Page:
Lowell Man Pleads Guilty, Sentenced to Two Years in Jail in Connection with Dealing Drugs and Disturbing Child Pornography
Clarence Newcomb, age 42, pled guilty yesterday to charges of Dissemination of Child Pornography, Distribution of a Class B Substance (2 counts), Distribution of Class C Substance, Distribution of a Class A Substance, and Possession of a Class B Substance. Following the change of plea, Essex Superior Court Judge Timothy Feeley sentenced Newcomb to serve two years in the House of Correction, followed by three years of probation. While on probation, Judge Feeley ordered Newcomb to wear a GPS monitoring bracelet and have no unsupervised contact with anyone under the age of 18. Newcomb must also submit to random drug testing, and be evaluated for sex offender treatment by the Department of Probation.
"Protecting kids online is a top priority for our office and we will continue to aggressively prosecute those who exploit children online," said AG Coakley. "It is important that we continue to work to make the Internet a safer place for kids while also preventing individuals from taking advantage of vulnerable victims online."
In June 2007, the Attorney General's Office began an investigation after receiving information about Newcomb's drug dealing activities. Investigators discovered that Newcomb sold crystal methamphetamine in and around the areas of Haverhill and Danvers. Upon further investigation, authorities learned that Newcomb also distributed numerous images of child pornography.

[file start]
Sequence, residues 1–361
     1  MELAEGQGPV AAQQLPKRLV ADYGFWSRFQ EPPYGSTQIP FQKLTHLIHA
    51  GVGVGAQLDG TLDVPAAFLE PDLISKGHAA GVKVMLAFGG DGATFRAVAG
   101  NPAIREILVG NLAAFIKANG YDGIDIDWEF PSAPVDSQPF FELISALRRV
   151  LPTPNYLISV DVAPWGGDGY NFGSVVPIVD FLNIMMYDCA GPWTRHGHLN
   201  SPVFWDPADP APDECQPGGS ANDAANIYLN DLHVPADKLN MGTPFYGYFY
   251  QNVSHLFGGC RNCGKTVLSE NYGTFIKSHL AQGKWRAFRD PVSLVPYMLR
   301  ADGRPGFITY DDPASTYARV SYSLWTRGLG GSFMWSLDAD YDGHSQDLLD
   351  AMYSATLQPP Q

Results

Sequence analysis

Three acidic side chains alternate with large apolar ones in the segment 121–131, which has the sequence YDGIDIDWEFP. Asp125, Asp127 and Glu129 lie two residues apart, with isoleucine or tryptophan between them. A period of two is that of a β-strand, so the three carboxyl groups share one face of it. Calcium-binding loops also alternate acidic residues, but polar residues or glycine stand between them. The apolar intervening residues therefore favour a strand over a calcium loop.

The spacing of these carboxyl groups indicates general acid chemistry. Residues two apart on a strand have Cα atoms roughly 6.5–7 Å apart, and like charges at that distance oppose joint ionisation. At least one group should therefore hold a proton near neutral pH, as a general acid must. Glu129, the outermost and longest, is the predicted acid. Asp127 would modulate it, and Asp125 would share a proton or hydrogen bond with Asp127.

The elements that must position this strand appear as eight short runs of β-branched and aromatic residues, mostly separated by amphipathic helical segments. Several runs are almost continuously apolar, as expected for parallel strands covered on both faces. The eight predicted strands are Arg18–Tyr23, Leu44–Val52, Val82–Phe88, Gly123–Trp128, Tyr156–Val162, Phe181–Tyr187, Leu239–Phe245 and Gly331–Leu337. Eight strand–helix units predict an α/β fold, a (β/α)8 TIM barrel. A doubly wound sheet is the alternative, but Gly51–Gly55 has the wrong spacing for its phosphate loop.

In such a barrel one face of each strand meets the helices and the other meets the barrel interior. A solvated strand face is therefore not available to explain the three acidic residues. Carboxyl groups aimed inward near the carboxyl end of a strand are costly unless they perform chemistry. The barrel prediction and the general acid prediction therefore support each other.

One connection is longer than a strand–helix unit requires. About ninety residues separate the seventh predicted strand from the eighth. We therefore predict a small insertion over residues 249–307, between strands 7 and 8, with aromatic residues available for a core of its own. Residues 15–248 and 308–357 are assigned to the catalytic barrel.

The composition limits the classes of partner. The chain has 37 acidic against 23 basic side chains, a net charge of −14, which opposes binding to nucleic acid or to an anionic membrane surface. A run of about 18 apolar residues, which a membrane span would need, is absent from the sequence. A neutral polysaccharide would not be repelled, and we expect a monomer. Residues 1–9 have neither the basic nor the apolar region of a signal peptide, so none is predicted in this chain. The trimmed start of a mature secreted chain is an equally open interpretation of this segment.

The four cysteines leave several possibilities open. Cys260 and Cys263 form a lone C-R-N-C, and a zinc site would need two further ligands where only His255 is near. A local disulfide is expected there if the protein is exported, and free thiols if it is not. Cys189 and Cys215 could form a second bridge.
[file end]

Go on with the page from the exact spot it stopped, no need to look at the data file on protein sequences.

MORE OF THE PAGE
On September 18, 2008, Newcomb was arrested by Massachusetts State Police assigned to the Attorney General's Office. Newcomb was arraigned the following day in Salem District Court where he pled not guilty and was ordered held on $200,000 cash bail.
An Essex County Grand Jury returned indictments against Newcomb on November 7, 2008. On November 14, 2008, he was arraigned in Essex Superior Court where he pled not guilty and was released on $10,000 bail. Yesterday, Newcomb pled guilty to all charges and was sentenced.
This matter involved a coordinated multi-agency investigation led by Massachusetts State Police assigned to the Attorney General's Office. Significant assistance in the investigation was provided by the Middleton Police Department, the Manchester, NH, Police Department, the Merrimack, NH, Police Department, the Drug Enforcement Agency (DEA) Boston/Task Force 1, and the NH High Intensity Drug Traffic Areas (HIDTA) Task Force.
The case was prosecuted by Assistant Attorney General Anne Yas, of Attorney General Coakley's Cyber Crime Division.